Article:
King, then a scout, confers with George Steinbrenner and Billy Martin over coffee in 1976.

King became Yankees manager as a reluctant villain, but exited the job a much more sympathetic figure. All throughout the winter, Steinbrenner refused to make a decision on King’s future, forcing him to answer almost daily questions about the likelihood of his return. In a January 7, 1983 article filed by AP, King recalled an interview with Red Auerbach in which the legendary Celtics’ general manager and coach corrected a reporter, who stated he had the best job in sports, by declaring, “Whoa, the best job in professional sports is managing the New York Yankees”. You see, King really did want to manage the Yankees, but he was just too proud to beg for it. Days later, the Yankees hired Billy Martin for his third tour of duty.

As was often the case with a fired Yankee manager, King moved from the stressful life of the dugout to a well paid advisory position and waited for his spot on the wheel to come up again. Only one season after relinquishing the manager’s chair, King was promoted in 1984 to vice president and general manager, a role he held for three seasons, a lifetime in Steinbrenner years.

Despite failing to make the playoffs, the Yankees enjoyed considerable success from 1984 to 1986, winning 274 games, which was only one fewer than the Detroit Tigers for most in that span. Although King’s most notable acquisition as GM was the blockbuster deal that brought Rickey Henderson to the Bronx, his most impressive accomplishment was jettisoning contracts like Roy Smalley, Steve Kemp, Omar Moreno, Rick Cerone, Tim Foli and Toby Harrah. What’s more, King didn’t just dump those misguided signings from previous administrations, he got outstanding value in return. For Smalley, he netted Doug Drabek. For Kemp and Foli, he got Jay Buhner. For Cerone, he picked up Brian Fisher. Combined with other emerging young players from within the organization like Don Mattingly, Dan Pasqua and Mike Pagliarulo, King had assembled a very impressive core of young talent, all while remaining a pennant contender.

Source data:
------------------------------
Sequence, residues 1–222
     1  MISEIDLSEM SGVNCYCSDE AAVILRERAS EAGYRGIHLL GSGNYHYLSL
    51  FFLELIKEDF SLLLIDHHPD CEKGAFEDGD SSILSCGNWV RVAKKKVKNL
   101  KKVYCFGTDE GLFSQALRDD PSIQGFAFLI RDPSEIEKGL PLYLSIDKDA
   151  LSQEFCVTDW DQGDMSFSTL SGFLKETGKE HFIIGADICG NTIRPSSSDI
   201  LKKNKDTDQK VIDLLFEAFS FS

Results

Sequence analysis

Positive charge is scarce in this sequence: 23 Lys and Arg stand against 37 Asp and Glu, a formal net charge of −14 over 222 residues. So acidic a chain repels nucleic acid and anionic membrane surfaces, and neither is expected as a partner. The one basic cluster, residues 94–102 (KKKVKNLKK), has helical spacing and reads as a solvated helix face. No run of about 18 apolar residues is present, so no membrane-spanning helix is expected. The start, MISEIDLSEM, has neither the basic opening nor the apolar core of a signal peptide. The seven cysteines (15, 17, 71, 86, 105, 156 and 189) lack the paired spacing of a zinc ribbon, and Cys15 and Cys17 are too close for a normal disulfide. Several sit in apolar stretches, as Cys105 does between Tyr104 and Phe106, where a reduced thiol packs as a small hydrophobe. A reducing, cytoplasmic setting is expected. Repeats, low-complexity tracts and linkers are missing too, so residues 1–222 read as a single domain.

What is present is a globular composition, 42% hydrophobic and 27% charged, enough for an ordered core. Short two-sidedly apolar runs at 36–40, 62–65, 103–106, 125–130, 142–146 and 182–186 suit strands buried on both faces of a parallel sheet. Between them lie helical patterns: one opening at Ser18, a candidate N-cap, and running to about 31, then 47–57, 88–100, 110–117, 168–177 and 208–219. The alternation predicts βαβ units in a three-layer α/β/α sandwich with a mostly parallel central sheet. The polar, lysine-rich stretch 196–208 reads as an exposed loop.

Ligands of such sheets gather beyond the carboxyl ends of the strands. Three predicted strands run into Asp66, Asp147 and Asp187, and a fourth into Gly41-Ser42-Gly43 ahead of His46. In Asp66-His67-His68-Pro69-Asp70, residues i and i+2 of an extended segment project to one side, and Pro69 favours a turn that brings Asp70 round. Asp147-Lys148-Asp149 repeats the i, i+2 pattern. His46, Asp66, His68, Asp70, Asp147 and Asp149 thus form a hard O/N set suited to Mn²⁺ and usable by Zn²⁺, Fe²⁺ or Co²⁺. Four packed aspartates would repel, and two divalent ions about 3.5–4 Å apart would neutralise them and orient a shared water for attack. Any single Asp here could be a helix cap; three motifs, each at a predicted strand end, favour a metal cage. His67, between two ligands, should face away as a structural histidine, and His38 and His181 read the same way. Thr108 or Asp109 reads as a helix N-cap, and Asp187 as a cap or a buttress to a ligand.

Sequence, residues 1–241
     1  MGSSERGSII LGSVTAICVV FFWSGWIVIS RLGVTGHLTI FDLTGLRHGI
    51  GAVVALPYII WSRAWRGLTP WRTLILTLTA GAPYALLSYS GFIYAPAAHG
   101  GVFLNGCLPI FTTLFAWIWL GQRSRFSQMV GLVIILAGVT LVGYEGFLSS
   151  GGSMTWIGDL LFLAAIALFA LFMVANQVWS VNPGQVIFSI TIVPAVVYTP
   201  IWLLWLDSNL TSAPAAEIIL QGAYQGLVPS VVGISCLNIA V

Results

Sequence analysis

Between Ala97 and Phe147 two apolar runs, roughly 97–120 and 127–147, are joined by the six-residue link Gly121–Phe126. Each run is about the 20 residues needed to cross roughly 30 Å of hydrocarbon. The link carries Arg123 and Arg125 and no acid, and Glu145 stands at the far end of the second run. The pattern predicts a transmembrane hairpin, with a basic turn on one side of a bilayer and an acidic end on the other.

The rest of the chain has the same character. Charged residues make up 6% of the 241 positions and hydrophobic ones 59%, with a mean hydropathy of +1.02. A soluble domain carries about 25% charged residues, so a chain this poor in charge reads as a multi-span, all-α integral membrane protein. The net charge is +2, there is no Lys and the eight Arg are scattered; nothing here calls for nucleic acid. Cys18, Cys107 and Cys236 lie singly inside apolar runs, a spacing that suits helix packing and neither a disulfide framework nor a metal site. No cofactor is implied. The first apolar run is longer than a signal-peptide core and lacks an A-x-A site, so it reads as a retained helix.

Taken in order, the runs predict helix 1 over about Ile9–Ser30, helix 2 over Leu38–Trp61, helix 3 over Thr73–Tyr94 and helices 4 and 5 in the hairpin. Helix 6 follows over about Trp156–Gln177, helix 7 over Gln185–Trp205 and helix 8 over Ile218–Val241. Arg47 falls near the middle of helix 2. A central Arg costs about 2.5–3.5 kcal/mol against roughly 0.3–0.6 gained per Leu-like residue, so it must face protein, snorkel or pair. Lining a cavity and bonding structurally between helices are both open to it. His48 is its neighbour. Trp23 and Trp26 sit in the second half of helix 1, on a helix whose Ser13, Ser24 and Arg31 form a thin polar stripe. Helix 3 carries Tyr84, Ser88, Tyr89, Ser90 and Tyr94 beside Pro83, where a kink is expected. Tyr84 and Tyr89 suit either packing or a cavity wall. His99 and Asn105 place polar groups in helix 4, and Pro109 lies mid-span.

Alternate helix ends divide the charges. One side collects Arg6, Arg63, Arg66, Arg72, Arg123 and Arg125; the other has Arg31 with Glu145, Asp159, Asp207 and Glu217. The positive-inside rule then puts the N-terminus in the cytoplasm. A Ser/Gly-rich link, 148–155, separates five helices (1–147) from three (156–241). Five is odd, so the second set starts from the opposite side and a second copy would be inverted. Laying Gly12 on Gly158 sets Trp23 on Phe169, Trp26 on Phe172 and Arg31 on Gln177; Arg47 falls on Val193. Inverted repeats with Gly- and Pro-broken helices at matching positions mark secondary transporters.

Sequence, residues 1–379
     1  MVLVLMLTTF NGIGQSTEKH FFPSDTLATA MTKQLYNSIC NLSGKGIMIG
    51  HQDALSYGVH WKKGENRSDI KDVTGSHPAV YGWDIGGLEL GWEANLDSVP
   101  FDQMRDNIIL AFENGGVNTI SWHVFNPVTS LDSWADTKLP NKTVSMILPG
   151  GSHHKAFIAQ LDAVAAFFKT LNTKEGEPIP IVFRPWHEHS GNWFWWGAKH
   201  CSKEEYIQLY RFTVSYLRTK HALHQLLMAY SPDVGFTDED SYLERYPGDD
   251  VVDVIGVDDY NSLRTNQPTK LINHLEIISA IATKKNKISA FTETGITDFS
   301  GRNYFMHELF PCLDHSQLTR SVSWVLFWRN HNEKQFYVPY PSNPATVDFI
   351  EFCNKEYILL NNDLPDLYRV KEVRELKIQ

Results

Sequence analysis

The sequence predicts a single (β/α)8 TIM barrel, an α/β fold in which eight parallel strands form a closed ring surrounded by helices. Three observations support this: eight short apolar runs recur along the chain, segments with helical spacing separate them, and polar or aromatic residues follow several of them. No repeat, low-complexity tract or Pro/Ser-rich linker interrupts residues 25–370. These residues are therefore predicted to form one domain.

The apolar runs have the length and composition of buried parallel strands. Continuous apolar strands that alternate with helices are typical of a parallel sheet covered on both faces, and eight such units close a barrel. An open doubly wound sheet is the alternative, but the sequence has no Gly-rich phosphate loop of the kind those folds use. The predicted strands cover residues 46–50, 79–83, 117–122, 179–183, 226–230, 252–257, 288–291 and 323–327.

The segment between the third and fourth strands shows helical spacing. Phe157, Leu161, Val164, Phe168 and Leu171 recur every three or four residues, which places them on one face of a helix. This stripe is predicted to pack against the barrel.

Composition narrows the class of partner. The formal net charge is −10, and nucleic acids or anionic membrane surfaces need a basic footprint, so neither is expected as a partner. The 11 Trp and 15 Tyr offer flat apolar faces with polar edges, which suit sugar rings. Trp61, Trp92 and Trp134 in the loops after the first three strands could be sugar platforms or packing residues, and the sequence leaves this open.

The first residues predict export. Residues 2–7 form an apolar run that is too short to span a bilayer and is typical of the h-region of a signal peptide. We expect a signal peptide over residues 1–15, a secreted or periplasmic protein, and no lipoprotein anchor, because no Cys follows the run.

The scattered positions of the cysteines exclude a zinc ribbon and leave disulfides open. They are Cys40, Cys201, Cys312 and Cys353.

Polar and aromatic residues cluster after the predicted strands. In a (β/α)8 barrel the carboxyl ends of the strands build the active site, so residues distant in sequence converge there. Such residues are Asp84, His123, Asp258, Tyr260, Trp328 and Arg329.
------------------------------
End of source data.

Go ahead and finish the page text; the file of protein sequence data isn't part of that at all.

King, and the Yankees, never got to see that bright future because his tenure as GM came to an end after the 1986 season, at which point all of his hard work was quickly dismantled. Just weeks after Woody Woodward took over the role, Drabek was traded for a trio of pitchers head by an aging Rick Rhoden. In 1987, Pasqua would be dealt for Rich Dotson. Then, in 1988, Buhner would be out the door in the infamous trade that brought back Ken Phelps.

After been removed as general manager, King once again performed various roles within the organization, including most recently as a special assistant to the general manager from 1998 to 2005. Although his imprint was far indelible, King’s legacy as a company man during a hectic time in the franchise’s history is certainly not one to be forgotten. Long live the memory of Clyde King.